Behind the comedy, through which One Punch Man redefines the world of superheroes, lies the exaltation of the willpower of man

Born in 2009 as a webcomic published on the blog of the Japanese cartoonist known as ONE, One-Punch Man is a manga that has achieved a great success thanks to its book adaptation serialised since 2012 with the drawings of Yusuke Murata, as well as the anime adaptation which counts two seasons so far, broadcast in 2015 and 2019. I will focus on these latter ones in particular. 

One Punch Man between shonen, superheroes and comedy 

In the backdrop of a world periodically threatened by mysterious beings, the young 25 year-old Saitama is a hero as a hobby, but his activity is everything but satisfying. For instance, he has been trained hard for 3 years to the point of losing his hair, and he built up such a strength to defeat each villain with only one punch (this is the origin of the title of the work); this aspect makes every fight of our hero unbearably short and unsatisfying. 

The merciful gap between the protagonist’s power from the one of his unlucky rivals deprives of meaning, first of all, the obsessive attention for the ability levels of the characters which is typical of the shonen: it is a  genre of manga/anime focused on martial arts addressing a teenage audience of boys . The world-famous Dragon Ball has been the symbol of this genre for entire generations.

However in the eyes of the western audience One Punch Man challenges even the traditional representation of the superhero which the American cartoons have made us know and love. More than the pursuit of noble ideals, as a matter of fact, the boredom and the frustration rising from his unemployed status push Saitama into becoming a hero. Then, once he has reached the maximum level of strength, it is again the escape from monotony that gives sense to his heroic deeds, that he performs primarily in the hope of meeting his matching opponent, a character  who can rouse in him the adrenaline of a fair match.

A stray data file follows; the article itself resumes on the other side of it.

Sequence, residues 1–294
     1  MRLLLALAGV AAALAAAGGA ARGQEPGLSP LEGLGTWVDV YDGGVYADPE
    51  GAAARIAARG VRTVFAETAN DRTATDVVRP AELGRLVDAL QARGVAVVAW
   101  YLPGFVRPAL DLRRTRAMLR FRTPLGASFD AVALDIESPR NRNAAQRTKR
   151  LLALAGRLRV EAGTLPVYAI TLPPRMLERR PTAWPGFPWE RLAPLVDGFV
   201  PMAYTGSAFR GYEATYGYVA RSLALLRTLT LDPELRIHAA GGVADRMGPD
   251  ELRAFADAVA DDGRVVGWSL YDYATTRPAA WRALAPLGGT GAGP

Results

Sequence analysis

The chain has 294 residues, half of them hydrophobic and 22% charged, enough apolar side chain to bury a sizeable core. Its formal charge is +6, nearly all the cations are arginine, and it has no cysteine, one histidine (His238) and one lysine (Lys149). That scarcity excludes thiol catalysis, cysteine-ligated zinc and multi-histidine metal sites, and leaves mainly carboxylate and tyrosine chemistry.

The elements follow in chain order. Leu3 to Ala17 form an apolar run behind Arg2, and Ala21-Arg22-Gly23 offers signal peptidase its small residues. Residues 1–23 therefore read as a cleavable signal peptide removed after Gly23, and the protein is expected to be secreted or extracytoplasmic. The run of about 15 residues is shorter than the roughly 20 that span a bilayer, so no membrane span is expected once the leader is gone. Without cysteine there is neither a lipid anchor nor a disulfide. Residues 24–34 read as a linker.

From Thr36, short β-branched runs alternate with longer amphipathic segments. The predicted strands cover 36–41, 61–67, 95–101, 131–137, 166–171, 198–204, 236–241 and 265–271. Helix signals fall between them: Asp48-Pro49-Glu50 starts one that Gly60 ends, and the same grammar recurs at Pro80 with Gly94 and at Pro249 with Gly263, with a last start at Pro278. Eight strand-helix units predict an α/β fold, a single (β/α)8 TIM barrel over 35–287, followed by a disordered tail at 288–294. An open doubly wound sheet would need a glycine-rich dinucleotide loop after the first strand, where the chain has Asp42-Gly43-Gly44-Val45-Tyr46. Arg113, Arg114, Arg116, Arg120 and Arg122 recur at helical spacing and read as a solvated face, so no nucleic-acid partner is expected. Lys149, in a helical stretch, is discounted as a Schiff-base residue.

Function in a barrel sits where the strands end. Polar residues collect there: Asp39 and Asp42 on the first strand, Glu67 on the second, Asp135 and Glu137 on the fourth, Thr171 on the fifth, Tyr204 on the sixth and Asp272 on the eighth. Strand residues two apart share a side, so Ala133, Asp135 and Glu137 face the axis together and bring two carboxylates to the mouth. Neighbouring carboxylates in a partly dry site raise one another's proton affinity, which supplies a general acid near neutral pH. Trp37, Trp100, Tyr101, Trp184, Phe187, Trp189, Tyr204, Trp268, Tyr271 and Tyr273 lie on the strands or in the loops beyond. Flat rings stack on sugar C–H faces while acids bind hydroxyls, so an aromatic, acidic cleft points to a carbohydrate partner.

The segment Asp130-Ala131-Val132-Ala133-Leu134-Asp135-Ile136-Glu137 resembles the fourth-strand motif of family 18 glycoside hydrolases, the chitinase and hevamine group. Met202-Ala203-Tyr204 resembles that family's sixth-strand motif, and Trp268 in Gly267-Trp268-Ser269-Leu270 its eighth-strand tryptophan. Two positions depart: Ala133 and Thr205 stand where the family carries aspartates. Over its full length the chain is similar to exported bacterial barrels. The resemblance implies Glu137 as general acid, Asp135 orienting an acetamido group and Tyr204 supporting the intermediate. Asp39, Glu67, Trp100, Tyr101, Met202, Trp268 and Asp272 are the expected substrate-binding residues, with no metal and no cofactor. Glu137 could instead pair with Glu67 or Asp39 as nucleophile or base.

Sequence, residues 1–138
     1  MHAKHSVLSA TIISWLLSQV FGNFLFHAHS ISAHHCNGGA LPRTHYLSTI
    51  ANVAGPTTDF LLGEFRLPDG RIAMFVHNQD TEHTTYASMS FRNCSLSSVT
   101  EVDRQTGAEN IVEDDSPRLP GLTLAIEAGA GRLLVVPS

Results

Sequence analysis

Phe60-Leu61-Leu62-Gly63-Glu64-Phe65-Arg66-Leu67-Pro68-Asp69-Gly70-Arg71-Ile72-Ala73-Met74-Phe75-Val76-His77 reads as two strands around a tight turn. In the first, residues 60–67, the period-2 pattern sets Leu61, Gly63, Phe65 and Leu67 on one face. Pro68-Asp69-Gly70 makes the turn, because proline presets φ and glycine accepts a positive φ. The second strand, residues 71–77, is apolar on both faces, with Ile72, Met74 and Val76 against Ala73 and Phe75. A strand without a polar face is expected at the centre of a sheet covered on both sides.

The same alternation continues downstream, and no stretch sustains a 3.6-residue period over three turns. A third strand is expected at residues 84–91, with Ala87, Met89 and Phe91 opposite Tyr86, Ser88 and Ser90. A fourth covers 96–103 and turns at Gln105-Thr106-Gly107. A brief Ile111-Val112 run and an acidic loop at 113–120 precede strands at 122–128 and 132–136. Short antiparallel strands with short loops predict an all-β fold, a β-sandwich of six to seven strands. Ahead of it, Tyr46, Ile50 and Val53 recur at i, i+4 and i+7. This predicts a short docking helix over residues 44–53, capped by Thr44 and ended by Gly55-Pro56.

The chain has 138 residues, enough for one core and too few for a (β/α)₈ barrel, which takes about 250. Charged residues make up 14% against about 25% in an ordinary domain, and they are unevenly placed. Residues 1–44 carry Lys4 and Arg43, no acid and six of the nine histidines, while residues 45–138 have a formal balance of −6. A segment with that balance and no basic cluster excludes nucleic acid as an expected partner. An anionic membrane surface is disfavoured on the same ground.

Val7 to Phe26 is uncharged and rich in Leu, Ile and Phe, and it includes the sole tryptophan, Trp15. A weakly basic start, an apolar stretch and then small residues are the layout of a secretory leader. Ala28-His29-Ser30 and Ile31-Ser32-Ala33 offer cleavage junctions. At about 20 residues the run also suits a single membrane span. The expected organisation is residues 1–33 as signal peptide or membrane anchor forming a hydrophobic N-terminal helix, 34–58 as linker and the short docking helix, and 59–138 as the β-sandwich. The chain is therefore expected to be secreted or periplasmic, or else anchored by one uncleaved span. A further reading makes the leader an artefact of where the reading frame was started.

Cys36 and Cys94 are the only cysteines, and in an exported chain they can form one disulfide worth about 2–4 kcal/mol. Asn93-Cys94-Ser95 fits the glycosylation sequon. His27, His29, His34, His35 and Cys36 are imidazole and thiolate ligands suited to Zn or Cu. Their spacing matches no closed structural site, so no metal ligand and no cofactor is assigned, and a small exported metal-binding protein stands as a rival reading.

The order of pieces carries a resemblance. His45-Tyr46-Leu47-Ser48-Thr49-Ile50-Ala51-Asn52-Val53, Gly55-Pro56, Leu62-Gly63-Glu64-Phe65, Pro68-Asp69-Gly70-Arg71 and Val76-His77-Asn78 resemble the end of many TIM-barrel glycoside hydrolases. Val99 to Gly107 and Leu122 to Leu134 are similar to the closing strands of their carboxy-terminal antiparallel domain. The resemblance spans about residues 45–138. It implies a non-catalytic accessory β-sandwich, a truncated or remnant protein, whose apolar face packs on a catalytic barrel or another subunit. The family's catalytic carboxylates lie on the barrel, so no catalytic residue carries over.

Given these characteristics, One Punch-Man gained the tag of parody product, definition that finds support in the comedy with which the work proposes again the typical cliches of the shonen and of superhero cartoon: from the to say the least grotesque aspect of the suits of superheroes who protect the planet, to the usually ridiculous appearance of monsters who threaten human existence, the hilarity peeps out on the scene also during the most dramatic moments, filled with apparently out of the context jokes . 

However, this irony has not to be always  intended only as a product of the vision through which ONE wants to redefine the concept of “superhero”. Behind it, indeed, sometimes the author seems to hide deeper considerations on the nature of the human being. 

The superpower of the willpower